Have your gums become red, tender, or swollen? Do they bleed when you brush or floss? If so, you could have gingivitis, the first stage of gum disease. This condition, if left untreated, can lead to periodontitis, which erodes the supporting jawbone around the teeth.
At the practice of Dr. Steven M. Balloch in Hartford, CT, we offer treatment for gingivitis as part of our dental care services. Here, we explore the various procedures that can keep your teeth and gums healthy for years to come.
Why Does Gingivitis Occur?
Every day, plaque accumulates on the teeth and around the gums. If these deposits are not routinely removed, the bacteria in the plaque can begin to irritate the oral soft tissues. Essentially, gingivitis is the body’s inflammatory response to irritants.
In some cases, gingivitis can be triggered by hormone fluctuations. For instance, women are much more susceptible to this condition during puberty, pregnancy, and menopause.
Treatment for Gingivitis
Fortunately, gingivitis is typically easy to treat, as long as it is diagnosed early. In fact, the condition can be completely reversed with a regular dental cleaning in most cases.
During this visit, your hygienist will remove plaque, tartar, and other irritants, eliminating bacteria from the gums. As a result, inflammation is reduced, and the gums return to their normal, healthy, pink appearance.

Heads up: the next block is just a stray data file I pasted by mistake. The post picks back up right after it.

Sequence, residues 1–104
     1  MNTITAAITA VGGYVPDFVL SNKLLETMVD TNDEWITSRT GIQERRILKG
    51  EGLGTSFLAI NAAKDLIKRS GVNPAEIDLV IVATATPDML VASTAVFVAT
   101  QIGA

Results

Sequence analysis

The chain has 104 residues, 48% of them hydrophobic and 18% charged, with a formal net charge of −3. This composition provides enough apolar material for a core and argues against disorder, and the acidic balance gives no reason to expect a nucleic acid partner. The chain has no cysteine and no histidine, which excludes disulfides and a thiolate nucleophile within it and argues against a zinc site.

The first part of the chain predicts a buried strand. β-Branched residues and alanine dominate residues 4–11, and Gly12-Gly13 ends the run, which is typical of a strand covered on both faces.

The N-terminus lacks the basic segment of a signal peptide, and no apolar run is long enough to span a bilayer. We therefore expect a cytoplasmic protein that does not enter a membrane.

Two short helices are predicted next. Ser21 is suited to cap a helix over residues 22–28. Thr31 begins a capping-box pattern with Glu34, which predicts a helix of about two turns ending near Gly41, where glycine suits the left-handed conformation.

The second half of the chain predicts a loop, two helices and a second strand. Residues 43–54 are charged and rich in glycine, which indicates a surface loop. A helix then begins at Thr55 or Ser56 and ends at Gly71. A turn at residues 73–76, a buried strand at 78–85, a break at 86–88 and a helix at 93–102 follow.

In addition, your dental team can help you develop a personalized oral care regimen to use at home between visits.
What Happens if Gingivitis Is Left Untreated?
If gingivitis is left untreated, the bacteria that were above the gum line will seep into the gums and begin to erode the underlying bone tissue. This condition is known as periodontitis.
As a result, pockets form around the tooth roots, causing them to become loose. Further debris, plaque, and bacteria can accumulate in these pockets, perpetuating a harmful cycle. In fact, if periodontitis is not treated, it can result in tooth loss.
Treatment for Periodontitis
Because periodontitis results in pockets around the teeth, it is impossible for a toothbrush or floss to reach that far into the gum line. Therefore, the bacterial infection that develops cannot be eliminated away with normal oral hygiene practices. In fact, a dental cleaning with your hygienist would not even be sufficient.
In these cases, a deep dental cleaning, also called scaling and root planing, would be necessary to effectively treat the condition. During this procedure, the gums are numbed for your comfort. Next, your dentist or hygienist cleans below the gum line, eradicating tartar and plaque. Once the surfaces are clean, the dentist will smooth the tooth roots to deter further irritants from reattaching.
Preventing Gingivitis and Periodontitis
The best way to prevent all forms of gum disease is to practice proper oral hygiene habits and attend all scheduled dental visits. While most dental patients can maintain healthy teeth and gums with six-month cleanings, others may require more frequent visits.
This is especially true for individuals who are genetically predisposed to issues such as tooth decay and gum disease. During a consultation at our practice, we can develop a customized regimen to keep your teeth and gums healthy.
Contact Our Practice for More Information
If you are noticing the symptoms of gingivitis, it is important to have the condition evaluated as soon as possible. Doing so can halt the progression of gum disease and help you avoid costly, invasive treatments. To learn more, contact us online anytime or give us a call at (860) 659-8660.